Recently, I was traveling when someone asked me a question that took me by surprise: have you thought about moving? I’ve had plenty of time to think about the question, and I’m ready to answer it. Never mind it’s been weeks.
I wish I could say I was one of those glib people who can respond to the unexpected with a funny one-liner or an instant shutdown. I am not. I’m more likely to stutter or, worse yet, say nothing at all. I can’t remember if or how I answered the question, but I do recall saying something about Minneapolis, as if proximity to a big city justified my location. (Actually, Omaha would have been a better answer; it’s just two hours away.)
What bothered me, besides my own inadequate reply, was the latent assumption that something is wrong with where I live. Of course assumptions abound about South Dakota. I’m far more likely to hear what it doesn’t have than what it does: it doesn’t have a sports team, it doesn’t have a metropolis, and it doesn’t have networking opportunities.
It surprises people I meet that I’ve lived here my entire life, but it doesn’t surprise South Dakotans. For us, it’s not unusual to know people whose families have been here for generations. I can go back over a century in a thirty-minute drive to Garryowen, where my relatives, determined to bring an Irish-Catholic church to the community, are buried. My father is buried in the family plot near Centerville, an area I’ve heard stories about all my life. There’s the gravel pit where my uncle almost drowned, the farmhouse where my great-grandfather died, the bridge’s name I know not because of a sign but because of the old landowner: Willy Boom’s Bridge.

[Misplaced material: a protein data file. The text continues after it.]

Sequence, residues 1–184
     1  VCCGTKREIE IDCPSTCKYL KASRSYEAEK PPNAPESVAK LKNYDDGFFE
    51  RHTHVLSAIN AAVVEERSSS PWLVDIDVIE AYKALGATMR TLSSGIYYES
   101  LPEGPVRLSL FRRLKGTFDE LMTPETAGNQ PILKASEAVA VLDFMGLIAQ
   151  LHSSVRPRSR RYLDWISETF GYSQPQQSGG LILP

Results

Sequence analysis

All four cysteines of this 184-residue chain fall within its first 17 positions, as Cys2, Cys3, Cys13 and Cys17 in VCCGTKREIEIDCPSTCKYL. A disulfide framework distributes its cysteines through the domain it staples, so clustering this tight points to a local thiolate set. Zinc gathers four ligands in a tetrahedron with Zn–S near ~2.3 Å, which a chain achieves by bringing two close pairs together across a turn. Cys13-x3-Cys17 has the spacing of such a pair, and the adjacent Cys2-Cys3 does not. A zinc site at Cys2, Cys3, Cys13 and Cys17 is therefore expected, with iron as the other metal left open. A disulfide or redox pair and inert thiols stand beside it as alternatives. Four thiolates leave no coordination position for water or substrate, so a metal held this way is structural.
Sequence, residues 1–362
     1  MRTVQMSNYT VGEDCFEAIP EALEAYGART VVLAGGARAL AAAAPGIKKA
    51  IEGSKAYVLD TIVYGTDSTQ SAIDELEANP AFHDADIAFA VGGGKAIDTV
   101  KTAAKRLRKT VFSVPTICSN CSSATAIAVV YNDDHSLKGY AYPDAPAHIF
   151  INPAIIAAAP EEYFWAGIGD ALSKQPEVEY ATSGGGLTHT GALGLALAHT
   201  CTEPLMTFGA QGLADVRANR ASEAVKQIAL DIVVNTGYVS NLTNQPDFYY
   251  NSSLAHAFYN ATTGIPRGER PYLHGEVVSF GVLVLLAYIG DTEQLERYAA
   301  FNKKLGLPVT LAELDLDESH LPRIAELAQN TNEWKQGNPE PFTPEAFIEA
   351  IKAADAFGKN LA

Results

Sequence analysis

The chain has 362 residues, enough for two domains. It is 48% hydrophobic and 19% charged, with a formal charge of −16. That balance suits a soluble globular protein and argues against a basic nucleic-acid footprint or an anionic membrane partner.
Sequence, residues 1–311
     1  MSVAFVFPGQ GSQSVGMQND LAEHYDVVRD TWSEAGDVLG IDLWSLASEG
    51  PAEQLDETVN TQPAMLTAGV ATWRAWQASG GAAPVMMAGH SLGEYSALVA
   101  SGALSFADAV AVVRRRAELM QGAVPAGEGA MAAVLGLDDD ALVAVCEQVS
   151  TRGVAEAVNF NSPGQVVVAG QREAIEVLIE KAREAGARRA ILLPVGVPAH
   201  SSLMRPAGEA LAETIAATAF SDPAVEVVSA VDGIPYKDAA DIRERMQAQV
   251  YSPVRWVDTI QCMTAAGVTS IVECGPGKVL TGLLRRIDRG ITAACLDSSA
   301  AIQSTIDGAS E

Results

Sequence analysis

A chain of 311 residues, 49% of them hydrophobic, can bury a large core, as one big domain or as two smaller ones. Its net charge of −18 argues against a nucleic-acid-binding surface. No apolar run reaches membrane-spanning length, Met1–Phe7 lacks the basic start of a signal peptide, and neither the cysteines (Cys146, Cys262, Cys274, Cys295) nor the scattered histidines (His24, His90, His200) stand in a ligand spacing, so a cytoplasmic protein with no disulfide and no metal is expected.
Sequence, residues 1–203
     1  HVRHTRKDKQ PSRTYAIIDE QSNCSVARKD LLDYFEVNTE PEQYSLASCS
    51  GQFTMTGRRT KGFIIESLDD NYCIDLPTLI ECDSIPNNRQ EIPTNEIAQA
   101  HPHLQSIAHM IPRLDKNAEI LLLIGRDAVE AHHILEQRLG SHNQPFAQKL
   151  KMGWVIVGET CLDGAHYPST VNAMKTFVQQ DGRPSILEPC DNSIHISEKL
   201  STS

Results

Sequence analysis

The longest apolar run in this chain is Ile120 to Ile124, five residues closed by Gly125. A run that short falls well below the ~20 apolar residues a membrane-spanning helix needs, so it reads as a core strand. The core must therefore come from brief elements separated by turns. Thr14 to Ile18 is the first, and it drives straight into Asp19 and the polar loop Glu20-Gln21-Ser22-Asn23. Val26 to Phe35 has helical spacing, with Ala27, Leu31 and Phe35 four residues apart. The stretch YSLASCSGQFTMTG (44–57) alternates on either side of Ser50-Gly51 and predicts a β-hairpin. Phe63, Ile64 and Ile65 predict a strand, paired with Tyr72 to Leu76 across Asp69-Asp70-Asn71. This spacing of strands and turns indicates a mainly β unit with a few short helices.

The prairie is vast and, years ago, was difficult to traverse. It’s possible that my ancestors didn’t have much choice in their decision to stay. But certainly I have a choice, and to say I’ve never thought about leaving would be a lie. The trouble is place; it gets into your blood. Or maybe it gets passed down.
There are those exceptions, the people who do leave, like my grandfather. Restless by nature, he moved west to ease his health problems. He died young and is buried in California with my grandmother, away from the entire family. I understand that, probably more than I like to admit. In fact, it might have been the thing that gave me pause when asked about moving. Some days, when I read about conferences, classes, and author talks, I wish I lived in a city where those events take place.
But most days, I’m content reliving history, raising my own little South Dakotans, hoping the movie Fargo will be less popular when they grow up. The accent, the assumptions, the isolation—they come with the territory. Everything else? That’s a different matter entirely, a matter of the heart.